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MacQueen’s Quinterly: Knock-your-socks-off Art and Literature
Issue 12: March 2022
Poem: 213 words
By Roy J. Beckemeyer

Grieving


Every noun is a stump with its roots showing...
—Derek Walcott, from The Prodigal
 
I scan Merriam-Webster, find: 
“...from Latin gravare to burden, oppress, 
from gravis heavy, grave... 
First Known Use: 13th century,” 
and wonder in what hard scrabble root ball, 
below what scorched field’s sun-blasted, 
fire-blackened, dead trunk the antecedents 
of this word “grieve” sucked enough moisture 
to wither some other father’s soul 
as mourners assembled to give mouth 
to a loss they could not imagine, 
but had come to shoulder, 
to carry away some small share. 

They, too, would have gathered 
to envelop one another with arms 
and hands, with doldrums of words. 
“Aye,” they would have mumbled, 
“grave is thy burden, and we and thee 
much oppressed,” or “We cannot know 
the weight of thy load, but may we take 
a small portion from your bent and aching 
back to our own?” 

Or they might, tongue-tied, mute, 
have simply embraced the heave and spasm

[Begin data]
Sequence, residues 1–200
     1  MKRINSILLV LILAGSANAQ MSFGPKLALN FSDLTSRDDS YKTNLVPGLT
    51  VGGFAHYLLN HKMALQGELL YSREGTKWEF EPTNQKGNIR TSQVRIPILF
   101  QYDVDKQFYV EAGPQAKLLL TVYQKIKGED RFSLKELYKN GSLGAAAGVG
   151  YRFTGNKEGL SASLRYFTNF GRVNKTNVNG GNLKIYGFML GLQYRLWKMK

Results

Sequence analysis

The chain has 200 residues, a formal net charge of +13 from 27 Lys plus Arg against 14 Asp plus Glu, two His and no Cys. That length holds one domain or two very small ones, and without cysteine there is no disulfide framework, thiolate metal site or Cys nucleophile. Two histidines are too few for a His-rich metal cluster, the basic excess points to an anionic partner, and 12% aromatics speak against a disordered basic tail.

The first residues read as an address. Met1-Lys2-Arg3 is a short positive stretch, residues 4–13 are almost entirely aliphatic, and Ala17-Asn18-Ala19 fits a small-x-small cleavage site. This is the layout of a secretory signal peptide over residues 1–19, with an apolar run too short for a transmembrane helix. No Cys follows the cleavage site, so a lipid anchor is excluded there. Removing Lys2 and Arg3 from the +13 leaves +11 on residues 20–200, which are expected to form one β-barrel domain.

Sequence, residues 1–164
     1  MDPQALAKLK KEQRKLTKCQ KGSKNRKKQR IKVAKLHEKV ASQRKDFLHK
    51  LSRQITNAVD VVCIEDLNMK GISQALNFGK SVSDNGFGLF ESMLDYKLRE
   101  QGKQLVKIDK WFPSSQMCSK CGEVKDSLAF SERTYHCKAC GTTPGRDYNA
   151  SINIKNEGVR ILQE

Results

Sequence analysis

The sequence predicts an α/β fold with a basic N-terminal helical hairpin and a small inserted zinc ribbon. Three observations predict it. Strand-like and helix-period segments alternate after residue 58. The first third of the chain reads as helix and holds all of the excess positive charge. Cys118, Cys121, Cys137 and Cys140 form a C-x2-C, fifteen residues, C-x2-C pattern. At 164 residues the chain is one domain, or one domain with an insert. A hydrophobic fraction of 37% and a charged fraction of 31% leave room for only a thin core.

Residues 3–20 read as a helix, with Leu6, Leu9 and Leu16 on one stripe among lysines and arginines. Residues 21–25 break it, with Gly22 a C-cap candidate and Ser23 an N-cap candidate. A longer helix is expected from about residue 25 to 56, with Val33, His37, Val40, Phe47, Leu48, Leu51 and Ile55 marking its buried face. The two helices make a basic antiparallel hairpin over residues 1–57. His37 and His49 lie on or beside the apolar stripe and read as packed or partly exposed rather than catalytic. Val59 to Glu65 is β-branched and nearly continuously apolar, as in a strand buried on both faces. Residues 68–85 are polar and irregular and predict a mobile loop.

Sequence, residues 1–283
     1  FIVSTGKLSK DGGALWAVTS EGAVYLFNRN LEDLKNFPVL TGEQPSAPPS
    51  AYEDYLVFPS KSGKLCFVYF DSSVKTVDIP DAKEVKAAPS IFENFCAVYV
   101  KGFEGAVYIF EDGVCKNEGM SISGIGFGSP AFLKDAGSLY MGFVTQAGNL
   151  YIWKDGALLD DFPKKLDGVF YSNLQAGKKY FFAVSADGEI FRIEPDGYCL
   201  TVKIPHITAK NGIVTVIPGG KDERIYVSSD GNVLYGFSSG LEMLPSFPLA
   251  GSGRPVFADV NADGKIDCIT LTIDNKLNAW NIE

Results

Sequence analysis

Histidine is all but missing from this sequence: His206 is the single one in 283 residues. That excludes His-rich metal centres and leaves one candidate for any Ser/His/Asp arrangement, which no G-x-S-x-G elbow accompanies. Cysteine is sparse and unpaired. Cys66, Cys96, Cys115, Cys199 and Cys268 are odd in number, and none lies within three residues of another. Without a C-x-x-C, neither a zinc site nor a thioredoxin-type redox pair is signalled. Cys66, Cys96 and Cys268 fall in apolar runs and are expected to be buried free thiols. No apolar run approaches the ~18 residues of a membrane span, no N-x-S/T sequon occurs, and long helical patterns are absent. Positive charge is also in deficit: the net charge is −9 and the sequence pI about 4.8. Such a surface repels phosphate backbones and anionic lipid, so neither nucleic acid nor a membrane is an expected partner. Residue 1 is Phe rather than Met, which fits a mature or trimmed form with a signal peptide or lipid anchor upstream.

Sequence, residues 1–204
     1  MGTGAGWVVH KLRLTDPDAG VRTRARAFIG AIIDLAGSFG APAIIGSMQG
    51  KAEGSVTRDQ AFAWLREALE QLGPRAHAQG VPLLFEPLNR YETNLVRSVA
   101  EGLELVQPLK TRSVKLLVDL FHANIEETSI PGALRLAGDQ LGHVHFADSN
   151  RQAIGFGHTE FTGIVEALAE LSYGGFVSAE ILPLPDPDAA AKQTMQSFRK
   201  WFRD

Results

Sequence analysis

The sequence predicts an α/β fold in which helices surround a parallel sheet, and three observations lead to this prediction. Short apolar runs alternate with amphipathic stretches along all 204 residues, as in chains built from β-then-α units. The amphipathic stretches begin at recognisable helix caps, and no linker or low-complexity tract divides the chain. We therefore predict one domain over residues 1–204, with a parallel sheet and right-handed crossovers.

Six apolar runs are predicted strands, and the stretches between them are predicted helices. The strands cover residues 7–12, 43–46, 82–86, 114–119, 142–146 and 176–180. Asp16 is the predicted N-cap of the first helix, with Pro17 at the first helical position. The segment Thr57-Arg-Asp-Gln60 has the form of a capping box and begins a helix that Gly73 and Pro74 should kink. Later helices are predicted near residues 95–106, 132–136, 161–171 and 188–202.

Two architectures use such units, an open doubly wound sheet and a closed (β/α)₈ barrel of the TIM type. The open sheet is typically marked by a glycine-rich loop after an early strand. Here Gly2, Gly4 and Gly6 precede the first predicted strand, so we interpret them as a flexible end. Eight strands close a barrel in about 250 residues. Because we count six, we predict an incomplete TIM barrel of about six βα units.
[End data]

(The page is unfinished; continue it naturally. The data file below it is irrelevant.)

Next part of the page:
of the one among them engulfed 
in this black storm’s surge and gust, held 
on, dug their feet into the sodden earth, 
tried to keep the crumbling clods and clogging 
clumps from burying him, burying them all, 
in whatever words they had for it: 
this grave, this gravitas, this grief. 

 

 

Note: Epigraph is from Section 11:1 of Derek Walcott’s book-length poem The Prodigal (Farrar, Straus and Giroux, 2004).

Roy J. Beckemeyer’s
Issue 12, March 2022

latest poetry collection is Mouth Brimming Over (Blue Cedar Press, 2019). Stage Whispers (Meadowlark Books, 2018) won the 2019 Nelson Poetry Book Award. Amanuensis Angel (Spartan Press, 2018) comprises ekphrastic poems inspired by modern artists’ depictions of angels. His first book, Music I Once Could Dance To (Coal City Press, 2014), was a 2015 Kansas Notable Book. He recently co-edited (with Caryn Mirriam-Goldberg) Kansas Time+Place: An Anthology of Heartland Poetry (Little Balkans Press, 2017). His poetry has been nominated for Pushcart (2015 and 2020) and Best of the Net (2018) awards, and was selected for The Best Small Fictions 2019.

Beckemeyer serves on the editorial boards of Konza Journal and River City Poetry. A retired engineer and scientific journal editor, he is also a nature photographer who, in his spare time, researches the mechanics of insect flight and the Paleozoic insect fauna of Kansas, Oklahoma, and Alabama. He lives in Wichita, Kansas, where he and his wife recently celebrated their 60th anniversary.

Please visit author’s website for more information about his books, as well as links to interviews and readings (scroll down his About page for the link-list).

More on the Web: By, About, and Beyond

The Color of Blessings in MacQ (Issue 5, October 2020)

Featured Artist in KYSO Flash (Issue 12, Summer 2019); showcasing Beckemeyer’s poetry, prose poetry, and insect photography

Words for Snow, a prose poem in KYSO Flash (Issue 9, Spring 2018), which was selected for reprinting in The Best Small Fictions 2019

 
 
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